As if Carden didn’t have enough on her plate, the writers also gave her a whole new character to play: Neutral Janet, who is neither naughty nor nice and is just kind of dead inside. “I sent [Schur] a text as I was working on it like, This is like DMV Janet, right?,” Carden says. “And that was exactly it. It was just somebody that’s like they do this all day, everyday. They’re not interested in being friendly. They just get the job done.”

“I actually also recorded D’Arcy singing it and then Auto-Tuned it,” Schur says. “And that, weirdly, was less able to be cleared because they were more willing to use it if it were the original track.”

As for the accounting office itself, it’s been referenced several times as the place where beings add and deduct Good Place worthiness points, but this is the first time it’s actually seen on screen. Given the show’s love of hidden jokes, it’s no surprise that the each desk in the office had also gets a unique nameplate, like “Songs with Specific Dance Instructions,” “Vape Tricks,” “Borrowing Money” and “Celebrity Impressions (Borat).” According to Morgan, there was also “a whole cubicle devoted to Jennifer Garner.”

Stephen Merchant, who co-created the British version of The Office, guest stars as the accounting head in “Janet(s).” His drink mug reads “Existence’s Best Boss.” It’s a nod to Michael Scott’s beloved mug from the American version of that show, on which Schur wrote and acted. However, Merchant held the mug wrong during filming and Schur had to ask VFX producer David Niednagel to digitally adjust the print so viewers could see it.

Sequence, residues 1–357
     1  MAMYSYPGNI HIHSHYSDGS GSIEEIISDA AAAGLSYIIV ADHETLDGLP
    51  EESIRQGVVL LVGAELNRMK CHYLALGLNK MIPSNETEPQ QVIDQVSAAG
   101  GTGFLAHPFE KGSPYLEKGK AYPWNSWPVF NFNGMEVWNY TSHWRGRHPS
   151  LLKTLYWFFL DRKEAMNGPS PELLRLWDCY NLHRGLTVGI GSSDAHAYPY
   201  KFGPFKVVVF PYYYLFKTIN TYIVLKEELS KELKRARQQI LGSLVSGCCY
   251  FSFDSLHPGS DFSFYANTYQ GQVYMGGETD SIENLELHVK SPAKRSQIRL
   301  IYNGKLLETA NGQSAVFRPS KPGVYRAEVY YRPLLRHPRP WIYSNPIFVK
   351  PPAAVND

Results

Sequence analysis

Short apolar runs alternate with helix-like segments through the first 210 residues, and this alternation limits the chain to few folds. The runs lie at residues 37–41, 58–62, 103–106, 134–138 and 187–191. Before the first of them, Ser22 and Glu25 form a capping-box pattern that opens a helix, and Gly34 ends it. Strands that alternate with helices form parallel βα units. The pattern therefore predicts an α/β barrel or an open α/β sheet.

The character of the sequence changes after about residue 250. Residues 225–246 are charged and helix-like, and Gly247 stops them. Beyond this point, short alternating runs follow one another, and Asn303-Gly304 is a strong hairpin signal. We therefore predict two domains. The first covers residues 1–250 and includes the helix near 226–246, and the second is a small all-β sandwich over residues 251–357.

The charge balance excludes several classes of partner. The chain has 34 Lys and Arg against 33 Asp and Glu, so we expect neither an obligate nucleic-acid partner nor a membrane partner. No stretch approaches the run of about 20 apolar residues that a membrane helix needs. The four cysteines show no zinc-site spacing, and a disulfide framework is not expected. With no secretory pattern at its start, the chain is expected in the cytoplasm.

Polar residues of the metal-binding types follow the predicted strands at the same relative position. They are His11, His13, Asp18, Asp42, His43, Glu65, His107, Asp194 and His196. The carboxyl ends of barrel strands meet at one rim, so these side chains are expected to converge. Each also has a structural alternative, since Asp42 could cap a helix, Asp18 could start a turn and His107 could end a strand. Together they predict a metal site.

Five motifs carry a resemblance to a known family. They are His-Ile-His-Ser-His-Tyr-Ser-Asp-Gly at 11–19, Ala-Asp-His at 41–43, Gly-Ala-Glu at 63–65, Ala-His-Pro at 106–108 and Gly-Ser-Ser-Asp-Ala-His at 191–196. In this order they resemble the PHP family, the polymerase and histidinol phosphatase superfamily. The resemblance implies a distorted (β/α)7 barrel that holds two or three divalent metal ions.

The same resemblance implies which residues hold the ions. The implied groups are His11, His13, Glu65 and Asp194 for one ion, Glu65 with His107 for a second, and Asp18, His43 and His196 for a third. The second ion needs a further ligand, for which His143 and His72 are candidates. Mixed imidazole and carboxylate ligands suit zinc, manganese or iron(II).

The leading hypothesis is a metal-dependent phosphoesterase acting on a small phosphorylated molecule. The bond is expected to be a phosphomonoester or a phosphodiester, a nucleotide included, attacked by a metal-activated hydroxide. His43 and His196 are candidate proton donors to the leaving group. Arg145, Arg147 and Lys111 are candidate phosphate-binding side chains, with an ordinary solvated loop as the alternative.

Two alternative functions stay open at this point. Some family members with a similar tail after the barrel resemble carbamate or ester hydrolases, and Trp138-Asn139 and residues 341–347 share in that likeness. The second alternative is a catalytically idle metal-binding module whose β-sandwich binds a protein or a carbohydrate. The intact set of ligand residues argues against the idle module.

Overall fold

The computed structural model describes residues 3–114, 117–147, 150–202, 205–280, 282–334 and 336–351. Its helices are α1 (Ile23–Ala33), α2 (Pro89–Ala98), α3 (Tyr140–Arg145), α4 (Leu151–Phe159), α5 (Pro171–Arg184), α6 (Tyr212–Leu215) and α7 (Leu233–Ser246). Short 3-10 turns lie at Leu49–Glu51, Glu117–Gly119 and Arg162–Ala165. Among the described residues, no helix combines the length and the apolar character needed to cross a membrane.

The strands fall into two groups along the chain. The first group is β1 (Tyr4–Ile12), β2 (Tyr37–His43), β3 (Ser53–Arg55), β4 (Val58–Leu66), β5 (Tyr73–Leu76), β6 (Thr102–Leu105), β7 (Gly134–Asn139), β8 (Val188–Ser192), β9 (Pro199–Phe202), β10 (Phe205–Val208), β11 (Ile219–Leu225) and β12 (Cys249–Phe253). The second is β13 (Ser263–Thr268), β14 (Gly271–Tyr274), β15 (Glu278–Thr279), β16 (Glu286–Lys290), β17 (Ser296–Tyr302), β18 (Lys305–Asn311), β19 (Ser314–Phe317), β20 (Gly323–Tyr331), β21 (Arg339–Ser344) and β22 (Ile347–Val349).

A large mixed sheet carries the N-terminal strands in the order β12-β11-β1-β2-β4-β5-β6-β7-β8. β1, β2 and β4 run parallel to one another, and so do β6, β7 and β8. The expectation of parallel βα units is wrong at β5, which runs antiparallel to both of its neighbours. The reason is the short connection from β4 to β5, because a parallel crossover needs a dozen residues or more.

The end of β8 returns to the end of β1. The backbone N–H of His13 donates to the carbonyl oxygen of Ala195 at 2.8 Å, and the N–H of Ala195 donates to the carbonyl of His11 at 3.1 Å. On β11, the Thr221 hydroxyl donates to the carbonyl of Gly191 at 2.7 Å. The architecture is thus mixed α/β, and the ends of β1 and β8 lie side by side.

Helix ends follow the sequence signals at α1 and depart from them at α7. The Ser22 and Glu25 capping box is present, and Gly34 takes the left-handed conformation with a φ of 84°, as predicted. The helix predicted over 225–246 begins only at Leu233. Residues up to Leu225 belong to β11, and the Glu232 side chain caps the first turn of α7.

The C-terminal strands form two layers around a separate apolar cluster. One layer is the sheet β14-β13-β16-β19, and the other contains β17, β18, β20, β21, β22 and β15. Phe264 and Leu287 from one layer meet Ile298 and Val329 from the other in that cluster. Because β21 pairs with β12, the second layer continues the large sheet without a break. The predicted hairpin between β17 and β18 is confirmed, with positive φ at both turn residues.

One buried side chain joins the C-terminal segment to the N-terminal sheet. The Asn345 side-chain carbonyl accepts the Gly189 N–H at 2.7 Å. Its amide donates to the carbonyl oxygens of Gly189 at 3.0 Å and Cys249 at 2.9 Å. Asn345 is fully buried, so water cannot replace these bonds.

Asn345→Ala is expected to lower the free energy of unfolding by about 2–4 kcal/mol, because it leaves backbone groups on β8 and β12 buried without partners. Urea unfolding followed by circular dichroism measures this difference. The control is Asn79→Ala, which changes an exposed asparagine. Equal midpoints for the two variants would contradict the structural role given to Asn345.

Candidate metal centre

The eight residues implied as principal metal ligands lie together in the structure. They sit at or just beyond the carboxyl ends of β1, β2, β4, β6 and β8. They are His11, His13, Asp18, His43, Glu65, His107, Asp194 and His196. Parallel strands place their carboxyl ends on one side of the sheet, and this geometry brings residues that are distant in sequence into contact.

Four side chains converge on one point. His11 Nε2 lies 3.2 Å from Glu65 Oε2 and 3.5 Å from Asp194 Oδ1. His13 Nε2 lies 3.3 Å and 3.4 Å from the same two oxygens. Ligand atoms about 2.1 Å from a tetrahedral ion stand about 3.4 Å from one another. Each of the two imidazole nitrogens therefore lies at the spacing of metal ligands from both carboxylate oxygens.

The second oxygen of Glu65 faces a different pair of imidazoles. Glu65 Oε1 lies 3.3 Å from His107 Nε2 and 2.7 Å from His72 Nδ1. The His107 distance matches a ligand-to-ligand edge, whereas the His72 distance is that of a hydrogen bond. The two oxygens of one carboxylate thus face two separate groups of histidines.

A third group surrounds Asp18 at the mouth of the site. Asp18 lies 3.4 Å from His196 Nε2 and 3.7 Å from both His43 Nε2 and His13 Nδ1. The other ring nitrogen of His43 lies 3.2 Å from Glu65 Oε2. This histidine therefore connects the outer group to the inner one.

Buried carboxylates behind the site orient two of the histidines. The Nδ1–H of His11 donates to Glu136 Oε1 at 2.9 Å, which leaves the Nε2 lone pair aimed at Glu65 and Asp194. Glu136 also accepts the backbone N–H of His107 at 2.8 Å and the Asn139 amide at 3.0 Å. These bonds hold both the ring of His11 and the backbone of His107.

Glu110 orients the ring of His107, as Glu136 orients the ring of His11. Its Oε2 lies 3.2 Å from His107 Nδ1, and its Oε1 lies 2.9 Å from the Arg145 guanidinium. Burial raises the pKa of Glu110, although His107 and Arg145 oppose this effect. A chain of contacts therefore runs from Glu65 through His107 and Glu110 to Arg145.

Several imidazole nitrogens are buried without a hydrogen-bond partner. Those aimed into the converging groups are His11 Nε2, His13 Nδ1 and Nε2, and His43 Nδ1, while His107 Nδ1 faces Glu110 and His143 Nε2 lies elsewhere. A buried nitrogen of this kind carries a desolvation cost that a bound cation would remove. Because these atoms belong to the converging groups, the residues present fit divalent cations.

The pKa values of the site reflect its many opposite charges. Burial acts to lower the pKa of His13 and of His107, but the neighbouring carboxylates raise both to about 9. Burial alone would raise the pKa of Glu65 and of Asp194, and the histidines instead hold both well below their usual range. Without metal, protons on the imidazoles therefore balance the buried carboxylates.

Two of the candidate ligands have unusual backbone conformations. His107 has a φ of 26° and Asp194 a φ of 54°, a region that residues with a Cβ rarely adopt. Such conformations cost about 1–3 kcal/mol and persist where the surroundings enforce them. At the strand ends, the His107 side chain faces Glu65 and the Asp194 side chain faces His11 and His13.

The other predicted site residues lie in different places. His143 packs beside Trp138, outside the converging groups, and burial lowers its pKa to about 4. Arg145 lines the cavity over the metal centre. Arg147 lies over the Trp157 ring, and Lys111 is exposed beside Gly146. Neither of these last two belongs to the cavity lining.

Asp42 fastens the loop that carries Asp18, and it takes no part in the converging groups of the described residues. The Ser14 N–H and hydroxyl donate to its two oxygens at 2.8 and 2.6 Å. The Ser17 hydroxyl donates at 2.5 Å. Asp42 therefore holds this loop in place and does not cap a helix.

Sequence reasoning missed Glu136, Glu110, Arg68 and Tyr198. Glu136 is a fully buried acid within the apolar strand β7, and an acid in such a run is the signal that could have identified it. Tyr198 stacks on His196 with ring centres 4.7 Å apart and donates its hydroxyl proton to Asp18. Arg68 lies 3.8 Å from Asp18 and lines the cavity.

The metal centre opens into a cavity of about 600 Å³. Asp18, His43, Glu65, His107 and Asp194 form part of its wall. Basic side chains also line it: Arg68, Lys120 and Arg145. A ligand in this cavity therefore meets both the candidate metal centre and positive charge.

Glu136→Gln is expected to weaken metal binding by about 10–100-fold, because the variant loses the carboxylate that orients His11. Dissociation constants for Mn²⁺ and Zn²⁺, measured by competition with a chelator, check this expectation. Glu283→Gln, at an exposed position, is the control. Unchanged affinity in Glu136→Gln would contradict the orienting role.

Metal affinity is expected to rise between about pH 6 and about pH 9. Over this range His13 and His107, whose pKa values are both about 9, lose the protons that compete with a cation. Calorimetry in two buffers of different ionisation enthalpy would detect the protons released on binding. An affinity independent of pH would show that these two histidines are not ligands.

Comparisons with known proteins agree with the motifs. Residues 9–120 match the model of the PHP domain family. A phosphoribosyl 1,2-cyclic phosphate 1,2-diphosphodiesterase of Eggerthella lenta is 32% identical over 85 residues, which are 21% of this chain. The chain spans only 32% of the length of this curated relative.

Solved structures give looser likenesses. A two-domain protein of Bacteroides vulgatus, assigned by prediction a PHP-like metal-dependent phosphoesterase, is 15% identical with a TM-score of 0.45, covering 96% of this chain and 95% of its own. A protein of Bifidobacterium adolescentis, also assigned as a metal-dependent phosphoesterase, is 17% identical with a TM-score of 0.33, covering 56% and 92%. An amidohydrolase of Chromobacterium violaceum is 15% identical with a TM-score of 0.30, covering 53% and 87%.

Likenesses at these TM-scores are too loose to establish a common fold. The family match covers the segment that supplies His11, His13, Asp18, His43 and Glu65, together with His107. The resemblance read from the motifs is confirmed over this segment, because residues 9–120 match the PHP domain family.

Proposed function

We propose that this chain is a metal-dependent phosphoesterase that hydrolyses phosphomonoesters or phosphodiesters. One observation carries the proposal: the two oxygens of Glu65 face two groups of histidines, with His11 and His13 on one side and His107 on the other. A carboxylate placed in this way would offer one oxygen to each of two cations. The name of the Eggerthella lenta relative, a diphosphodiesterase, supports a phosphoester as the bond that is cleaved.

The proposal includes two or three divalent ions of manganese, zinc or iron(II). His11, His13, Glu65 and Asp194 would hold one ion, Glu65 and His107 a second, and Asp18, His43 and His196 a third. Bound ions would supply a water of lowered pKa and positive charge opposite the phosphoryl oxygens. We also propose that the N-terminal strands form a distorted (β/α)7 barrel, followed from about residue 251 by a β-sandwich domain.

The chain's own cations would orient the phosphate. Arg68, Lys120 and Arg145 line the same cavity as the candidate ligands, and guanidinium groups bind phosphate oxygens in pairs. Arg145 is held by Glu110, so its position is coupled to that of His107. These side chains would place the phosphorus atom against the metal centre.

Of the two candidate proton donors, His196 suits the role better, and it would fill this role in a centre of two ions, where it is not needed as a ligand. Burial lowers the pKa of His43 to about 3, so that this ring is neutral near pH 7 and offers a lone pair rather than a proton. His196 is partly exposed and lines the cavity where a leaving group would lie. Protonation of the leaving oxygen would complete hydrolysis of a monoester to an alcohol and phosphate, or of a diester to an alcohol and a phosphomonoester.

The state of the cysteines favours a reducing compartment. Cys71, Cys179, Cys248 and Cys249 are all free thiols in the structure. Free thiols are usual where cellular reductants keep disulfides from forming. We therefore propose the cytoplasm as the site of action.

That kiss between Chidi and Eleanor didn’t just save their world from crumbling, it was also a big step for the decision-weary philosophy professor. “For awhile, we’ve been trying to think, What is the thing that would make Chidi get over his internal essential Chidiness when it comes to romance?” Schur says. “When we figured this out, we were like, Oh, yeah, this is the thing. He’s going to worry about a lot of things, but he’s not going to worry about her, or how he feels about her, or how she feels.” (A warning if you’re not a fan of love stories: “Picking up almost immediately in the next episode, it’s pretty gooey,” says Schur.)